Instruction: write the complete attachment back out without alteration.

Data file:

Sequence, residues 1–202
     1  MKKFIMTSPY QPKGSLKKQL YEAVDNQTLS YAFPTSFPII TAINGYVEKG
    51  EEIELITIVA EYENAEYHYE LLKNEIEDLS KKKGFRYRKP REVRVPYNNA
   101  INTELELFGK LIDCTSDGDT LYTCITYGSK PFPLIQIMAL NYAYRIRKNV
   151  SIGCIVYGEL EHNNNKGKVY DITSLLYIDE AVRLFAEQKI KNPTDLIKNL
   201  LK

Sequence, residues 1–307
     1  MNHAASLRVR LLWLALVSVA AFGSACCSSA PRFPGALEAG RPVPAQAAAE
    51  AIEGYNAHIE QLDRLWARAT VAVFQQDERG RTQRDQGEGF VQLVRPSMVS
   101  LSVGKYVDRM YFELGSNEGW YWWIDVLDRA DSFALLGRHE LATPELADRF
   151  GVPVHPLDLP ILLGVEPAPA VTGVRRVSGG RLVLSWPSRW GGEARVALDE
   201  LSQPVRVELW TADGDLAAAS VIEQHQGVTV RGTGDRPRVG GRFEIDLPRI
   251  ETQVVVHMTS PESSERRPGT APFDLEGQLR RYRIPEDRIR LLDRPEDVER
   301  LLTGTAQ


Sequence, residues 1–202
     1  MKKFIMTSPY QPKGSLKKQL YEAVDNQTLS YAFPTSFPII TAINGYVEKG
    51  EEIELITIVA EYENAEYHYE LLKNEIEDLS KKKGFRYRKP REVRVPYNNA
   101  INTELELFGK LIDCTSDGDT LYTCITYGSK PFPLIQIMAL NYAYRIRKNV
   151  SIGCIVYGEL EHNNNKGKVY DITSLLYIDE AVRLFAEQKI KNPTDLIKNL
   201  LK

Sequence, residues 1–307
     1  MNHAASLRVR LLWLALVSVA AFGSACCSSA PRFPGALEAG RPVPAQAAAE
    51  AIEGYNAHIE QLDRLWARAT VAVFQQDERG RTQRDQGEGF VQLVRPSMVS
   101  LSVGKYVDRM YFELGSNEGW YWWIDVLDRA DSFALLGRHE LATPELADRF
   151  GVPVHPLDLP ILLGVEPAPA VTGVRRVSGG RLVLSWPSRW GGEARVALDE
   201  LSQPVRVELW TADGDLAAAS VIEQHQGVTV RGTGDRPRVG GRFEIDLPRI
   251  ETQVVVHMTS PESSERRPGT APFDLEGQLR RYRIPEDRIR LLDRPEDVER
   301  LLTGTAQ